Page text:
Editors Note: Last week AdWeek published my Op-Ed on Quibi and what I believe are many of their problems. The article they posted was slightly edited (as is normal with op-ed's) but I wanted to publish the full article, which is what you'll see below. Enjoy!
Quibi isn’t failing because of the coronavirus, lack of brand awareness, or even poor content. It’s failing because the whole premise is based on an incorrect assumption about consumer wants.
Quibi has spent nearly $2 billion on their creation and release. Even if you don’t really know what Quibi is, you’ve likely seen that name thanks to their countless ad campaigns. But a couple months into their release, they have less than 3 million downloads and less than 2 million active users.
For those who aren’t familiar with it, (and it seems like that’s a lot of people) Quibi is a short-form video app that produces high end content with major names in entertainment. Jennifer Lopez, LeBron James, Idris Elba, Steven Spielberg and Chrissy Teigen are all among some of their content producers. And everything they do is 5-10 minutes long, designed to be consumed by people who only watch 10 minutes of content at a time.
Co-founder Jeffrey Katzenberg recently told the New York Times that he blames their struggles on the coronavirus and the fact that they launched right when the outbreak started to take hold in the States, March 1, 2020. This claim is made despite the fact that, according to eMarketer, time spent on Short-Form Video apps in March of 2020 was up 54% from the previous year.
There are lots of things people can, have and will point to when trying to explain why this enormous investment is failing. But I believe there is a major fundamental issue that is being overlooked. People don’t associate short-form content with quality.
How did I come to this conclusion? I’ve been teaching online classes on digital advertising for the past five years. Recently, there have been many studies, as well as my own analytics, that show that people consume on average about 20 minutes of content for each class. Many elearning platforms have even promoted these stats and encouraged people to create shorter content. Why spend time making a three hour course if only 20 minutes will be consumed?
However, the sales data shows that longer classes sell better, even if people only watch 20 minutes of it. My personal sweet spot is around 90 minutes per class. And I have 30,000 students to back this up.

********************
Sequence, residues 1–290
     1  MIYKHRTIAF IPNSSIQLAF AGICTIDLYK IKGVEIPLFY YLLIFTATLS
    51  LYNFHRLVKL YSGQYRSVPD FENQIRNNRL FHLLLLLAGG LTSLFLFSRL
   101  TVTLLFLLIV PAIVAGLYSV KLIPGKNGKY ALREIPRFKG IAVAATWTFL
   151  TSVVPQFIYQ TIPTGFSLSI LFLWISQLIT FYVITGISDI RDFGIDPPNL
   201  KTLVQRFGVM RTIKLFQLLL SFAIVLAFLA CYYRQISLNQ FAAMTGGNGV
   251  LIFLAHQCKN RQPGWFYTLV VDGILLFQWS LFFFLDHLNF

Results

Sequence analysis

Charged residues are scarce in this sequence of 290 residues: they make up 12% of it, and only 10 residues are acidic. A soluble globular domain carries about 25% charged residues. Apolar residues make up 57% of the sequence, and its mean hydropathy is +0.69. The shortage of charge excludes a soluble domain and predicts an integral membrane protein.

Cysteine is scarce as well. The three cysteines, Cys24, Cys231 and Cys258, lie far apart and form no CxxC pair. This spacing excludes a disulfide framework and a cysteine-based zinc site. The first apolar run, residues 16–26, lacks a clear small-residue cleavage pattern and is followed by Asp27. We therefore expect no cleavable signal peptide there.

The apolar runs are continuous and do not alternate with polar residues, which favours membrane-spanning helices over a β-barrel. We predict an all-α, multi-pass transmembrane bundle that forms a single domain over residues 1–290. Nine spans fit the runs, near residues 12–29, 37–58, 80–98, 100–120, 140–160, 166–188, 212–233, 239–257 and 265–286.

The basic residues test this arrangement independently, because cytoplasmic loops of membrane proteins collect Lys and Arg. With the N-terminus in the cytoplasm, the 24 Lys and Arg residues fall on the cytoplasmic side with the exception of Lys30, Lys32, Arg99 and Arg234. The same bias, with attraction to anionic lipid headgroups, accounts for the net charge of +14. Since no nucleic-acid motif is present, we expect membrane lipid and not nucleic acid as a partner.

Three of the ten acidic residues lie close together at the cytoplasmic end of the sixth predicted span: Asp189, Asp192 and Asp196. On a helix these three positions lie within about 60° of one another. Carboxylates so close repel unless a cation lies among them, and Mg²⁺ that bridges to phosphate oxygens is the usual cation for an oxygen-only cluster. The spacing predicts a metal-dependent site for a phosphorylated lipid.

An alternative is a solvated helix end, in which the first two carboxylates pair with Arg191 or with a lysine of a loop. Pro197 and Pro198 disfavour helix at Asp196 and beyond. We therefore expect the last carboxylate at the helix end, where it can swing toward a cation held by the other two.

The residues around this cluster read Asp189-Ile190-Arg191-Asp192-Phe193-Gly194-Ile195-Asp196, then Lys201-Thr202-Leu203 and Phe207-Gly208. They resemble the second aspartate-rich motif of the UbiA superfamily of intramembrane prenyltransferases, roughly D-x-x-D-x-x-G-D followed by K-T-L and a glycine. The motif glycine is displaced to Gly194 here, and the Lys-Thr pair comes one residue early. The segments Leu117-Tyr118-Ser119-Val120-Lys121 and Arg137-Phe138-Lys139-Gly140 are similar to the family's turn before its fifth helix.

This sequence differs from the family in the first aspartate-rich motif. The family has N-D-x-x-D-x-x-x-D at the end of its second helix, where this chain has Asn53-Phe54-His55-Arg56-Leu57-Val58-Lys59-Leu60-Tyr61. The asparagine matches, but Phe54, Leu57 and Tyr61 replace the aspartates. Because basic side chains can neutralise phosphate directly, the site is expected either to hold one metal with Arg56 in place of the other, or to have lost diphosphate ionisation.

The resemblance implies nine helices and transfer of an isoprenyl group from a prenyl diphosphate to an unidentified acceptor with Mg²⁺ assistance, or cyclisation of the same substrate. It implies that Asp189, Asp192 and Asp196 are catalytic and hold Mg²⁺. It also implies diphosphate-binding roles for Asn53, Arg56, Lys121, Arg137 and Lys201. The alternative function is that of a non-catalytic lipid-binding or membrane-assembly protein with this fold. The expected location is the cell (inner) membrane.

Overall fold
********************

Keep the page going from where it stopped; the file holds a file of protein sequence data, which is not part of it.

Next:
The issue with Quibi, (in my opinion) is that they looked at the right data but came to the wrong conclusion. People may only consume 10 minutes of video content, but they either want the option to consume more, or perceive that longer content equals better quality.
Here are a few examples. Warby Parker wanted to sell prescription glasses for $20 each. However, at that price no one bought them because they thought that was too cheap for good quality glasses. When they raised the price to $99 they flew off the shelf.
When Peloton started selling bikes they were priced at $1,200. But sales didn’t really grow until they doubled the price to $2,400.
Higher cost equals better quality in the minds of consumers. And when it comes to content, the length of the content equals the perceived quality.
But how could the data be so wrong? Well, it wouldn’t be the first time.
When buying and selling stocks there are lots of things to consider. The profitability of a company, industry trends, P/E ratios, and much more. In theory you should be able to crunch all the data and figure out which stocks will do better than others. But if that were the case everyone would be rich, right?
The reason why you can’t use data to predict 100% of all outcomes is because you can’t calculate individual personalities. A company could be doing everything right, but the CEO might have personal or family issues that distract them from their job. An executive might sleep through a meeting and lose a big sale.
And look at where people are consuming free content vs. paid content. The largest platform for short-form content is YouTube, which is free. There are lots of high quality YouTube producers, but their content isn’t on par with Netflix, Hulu, Amazon, HBO, and other paid streaming services. And those paid services all have content that’s 30 minutes or longer.
If Quibi was free, perhaps they would get more users. But as a paid service, I believe they will struggle to convince consumers that their 5-10 minute shows are worth the same as longer form content.
Quibi looked at all the right data, but they didn’t consider how the individual consumer would view and react to the product. They might only watch 10 minutes of content, but they’d rather watch part of a high quality program then 100% of something they perceive to be a lesser quality product.
It might not be too late to salvage the product, but I believe this key oversight is the reason this $2 billion company is struggling.